Letting Go Of Perfectionism

Letting Go Of Perfectionism

“Put a mark next to your name, Kim.”


It was 5th grade and I was out of my seat using the pencil sharpener attached to the wall. (It was the 80’s, ya’ll.)

Our classroom behavior management system consisted of a large piece of paper hung on the wall listing all of our names. If someone got in trouble, they had to walk over to that paper and draw a dot next to their name.

When I heard my name called, I was horrified, so much so that I remember this incident 38 years later. I had no idea I wasn’t supposed to be out of my seat at that time. It was a simple mistake, an oops. It could’ve been no big deal, but it wasn’t.

I worked very hard to avoid making mistakes. I spent my school days performing, perfecting, and pleasing to avoid being ostracized, judged, or negatively in the spotlight.

I was sensitive to my teacher’s correction, to feeling stupid because I messed up, and to being called out in front of my classmates. I felt deeply ashamed.

In that moment, Perfectionism grabbed my hand and squeezed even tighter than before, “I’ll protect you from this yucky feeling. Just avoid everything I warn you about and this will never happen to you again.”

What I didn’t know then that I do know now is Perfectionism lies.

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When Sadness Affects Kids’ Self Worth

When Sadness Affects Kids' Self- Worth

Kids who are wired to experience strong reactions to life, to feel things deeply, and to think about life deeply seem to experience sadness more intensely and more frequently than other children. These same kids are often creative, bright, and socially and emotionally sensitive.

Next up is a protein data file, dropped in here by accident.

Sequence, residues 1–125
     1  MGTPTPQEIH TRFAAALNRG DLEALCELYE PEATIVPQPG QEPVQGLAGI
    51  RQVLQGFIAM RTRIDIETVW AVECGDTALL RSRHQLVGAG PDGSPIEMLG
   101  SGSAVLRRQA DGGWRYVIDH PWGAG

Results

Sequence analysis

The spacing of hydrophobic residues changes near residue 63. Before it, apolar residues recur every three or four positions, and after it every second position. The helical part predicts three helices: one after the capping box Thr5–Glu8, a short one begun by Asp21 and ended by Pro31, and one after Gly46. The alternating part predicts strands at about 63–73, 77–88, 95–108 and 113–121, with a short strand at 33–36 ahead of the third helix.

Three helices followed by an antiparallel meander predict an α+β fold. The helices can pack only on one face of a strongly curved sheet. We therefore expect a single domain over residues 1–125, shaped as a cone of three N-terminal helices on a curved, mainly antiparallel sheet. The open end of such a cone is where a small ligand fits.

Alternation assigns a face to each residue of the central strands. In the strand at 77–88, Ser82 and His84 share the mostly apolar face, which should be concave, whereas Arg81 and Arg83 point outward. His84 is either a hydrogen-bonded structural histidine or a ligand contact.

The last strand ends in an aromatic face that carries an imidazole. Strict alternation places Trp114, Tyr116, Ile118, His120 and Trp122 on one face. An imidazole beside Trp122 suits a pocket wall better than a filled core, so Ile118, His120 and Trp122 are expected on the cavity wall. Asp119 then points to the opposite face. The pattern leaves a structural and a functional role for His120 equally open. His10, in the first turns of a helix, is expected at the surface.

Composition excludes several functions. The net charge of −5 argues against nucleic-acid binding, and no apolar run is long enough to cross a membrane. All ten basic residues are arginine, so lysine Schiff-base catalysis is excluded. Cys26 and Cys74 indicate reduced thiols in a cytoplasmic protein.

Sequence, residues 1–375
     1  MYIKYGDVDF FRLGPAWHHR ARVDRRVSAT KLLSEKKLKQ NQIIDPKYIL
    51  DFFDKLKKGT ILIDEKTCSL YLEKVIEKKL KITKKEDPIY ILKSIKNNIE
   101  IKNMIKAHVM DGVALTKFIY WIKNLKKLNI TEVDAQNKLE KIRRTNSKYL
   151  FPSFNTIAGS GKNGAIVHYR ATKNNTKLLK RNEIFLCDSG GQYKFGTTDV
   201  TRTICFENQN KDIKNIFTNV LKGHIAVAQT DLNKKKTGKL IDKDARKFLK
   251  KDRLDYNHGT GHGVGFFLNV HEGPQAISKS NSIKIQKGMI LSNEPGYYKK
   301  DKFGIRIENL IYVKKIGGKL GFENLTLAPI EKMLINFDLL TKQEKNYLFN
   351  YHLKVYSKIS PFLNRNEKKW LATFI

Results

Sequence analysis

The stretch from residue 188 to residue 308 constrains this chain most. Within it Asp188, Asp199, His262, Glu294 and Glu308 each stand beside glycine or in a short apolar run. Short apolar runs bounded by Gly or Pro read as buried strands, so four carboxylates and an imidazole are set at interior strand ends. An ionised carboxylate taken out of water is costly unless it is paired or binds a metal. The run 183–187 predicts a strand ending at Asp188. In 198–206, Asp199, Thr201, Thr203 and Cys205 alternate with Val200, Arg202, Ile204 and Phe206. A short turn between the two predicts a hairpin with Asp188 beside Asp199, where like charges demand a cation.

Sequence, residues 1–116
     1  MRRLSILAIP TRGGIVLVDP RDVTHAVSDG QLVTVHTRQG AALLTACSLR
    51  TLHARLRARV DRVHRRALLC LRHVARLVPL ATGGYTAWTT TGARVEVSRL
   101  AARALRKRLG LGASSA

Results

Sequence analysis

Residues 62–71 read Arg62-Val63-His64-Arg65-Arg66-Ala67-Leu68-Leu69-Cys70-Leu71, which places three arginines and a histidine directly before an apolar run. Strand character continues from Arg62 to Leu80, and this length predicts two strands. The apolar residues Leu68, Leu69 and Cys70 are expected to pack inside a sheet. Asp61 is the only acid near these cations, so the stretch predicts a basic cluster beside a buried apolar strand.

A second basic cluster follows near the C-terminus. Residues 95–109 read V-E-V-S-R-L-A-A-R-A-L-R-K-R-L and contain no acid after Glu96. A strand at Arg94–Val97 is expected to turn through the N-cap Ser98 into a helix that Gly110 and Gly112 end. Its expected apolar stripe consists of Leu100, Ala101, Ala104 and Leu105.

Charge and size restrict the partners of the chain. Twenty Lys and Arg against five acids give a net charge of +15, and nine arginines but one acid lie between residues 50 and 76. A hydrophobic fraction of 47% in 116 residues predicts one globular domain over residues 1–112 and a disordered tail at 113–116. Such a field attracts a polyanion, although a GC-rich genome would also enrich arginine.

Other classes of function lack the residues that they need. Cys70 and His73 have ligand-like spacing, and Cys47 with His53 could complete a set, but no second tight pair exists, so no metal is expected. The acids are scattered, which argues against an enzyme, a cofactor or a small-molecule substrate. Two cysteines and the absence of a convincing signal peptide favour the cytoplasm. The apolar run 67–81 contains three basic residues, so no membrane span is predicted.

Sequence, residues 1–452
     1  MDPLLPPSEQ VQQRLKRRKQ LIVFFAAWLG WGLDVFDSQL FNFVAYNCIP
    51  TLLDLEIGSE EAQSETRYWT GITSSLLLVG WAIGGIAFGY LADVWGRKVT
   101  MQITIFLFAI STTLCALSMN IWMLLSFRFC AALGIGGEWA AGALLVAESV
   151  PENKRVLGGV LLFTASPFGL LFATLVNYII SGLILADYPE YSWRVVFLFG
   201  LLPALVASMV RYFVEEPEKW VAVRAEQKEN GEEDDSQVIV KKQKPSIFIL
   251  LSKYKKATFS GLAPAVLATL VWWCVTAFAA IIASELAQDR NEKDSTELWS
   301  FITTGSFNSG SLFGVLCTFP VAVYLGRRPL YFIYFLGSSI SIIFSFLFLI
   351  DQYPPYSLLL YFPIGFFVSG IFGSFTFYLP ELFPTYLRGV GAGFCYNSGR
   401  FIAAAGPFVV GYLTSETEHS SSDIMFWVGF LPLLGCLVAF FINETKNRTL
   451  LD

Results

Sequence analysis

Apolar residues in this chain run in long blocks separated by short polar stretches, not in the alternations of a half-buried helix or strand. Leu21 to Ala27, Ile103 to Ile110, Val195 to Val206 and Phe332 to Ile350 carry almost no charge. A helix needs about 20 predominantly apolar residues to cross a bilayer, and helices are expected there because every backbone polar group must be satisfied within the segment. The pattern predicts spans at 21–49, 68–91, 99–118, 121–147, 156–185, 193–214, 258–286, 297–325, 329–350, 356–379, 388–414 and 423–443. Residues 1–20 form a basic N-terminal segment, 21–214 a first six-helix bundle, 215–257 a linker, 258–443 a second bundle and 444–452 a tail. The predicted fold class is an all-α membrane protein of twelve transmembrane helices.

Raise your hand if you were one of these kids or if you’re teaching, counseling, or raising one of these kids. 🙋🏻‍♀️ I was and I am.

As a child, when I experienced something sad, my go-to response was to internalize the problem and overthink things. Some kids externalize and make things someone else’s fault and others internalize looking within themselves for the reason why something happened to them.

And what’s a natural conclusion for a deep thinking child who internalizes to come to when they try to make sense of their world and can’t figure out why “bad” things are happening?

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Guiding Kids to Ask for Help

Guiding Kids to Ask for Help

Your son is building a robot out of legos when you hear a yell of frustration and a crash. You ask him what happened and he says, “It kept breaking. I can’t do it.” And you offer to help him, thinking or saying, “Why didn’t you ask for help?”

Your students are working on their classwork. As you look around you notice that Emma is fidgeting with her pencil, trying to look busy, but isn’t writing a thing. You go over to her desk, crouch down next to her, and ask if she needs any help. “Yes. I don’t know what to do.” she mumbles. And you help her, thinking or saying, “Why didn’t you ask for help?’

The child you work with is sharing one of the stories above and you ask them… (well, no big surprise here, you can probably guess where we’re headed) you ask them, “Why didn’t you ask for help?”

And their answers may vary…

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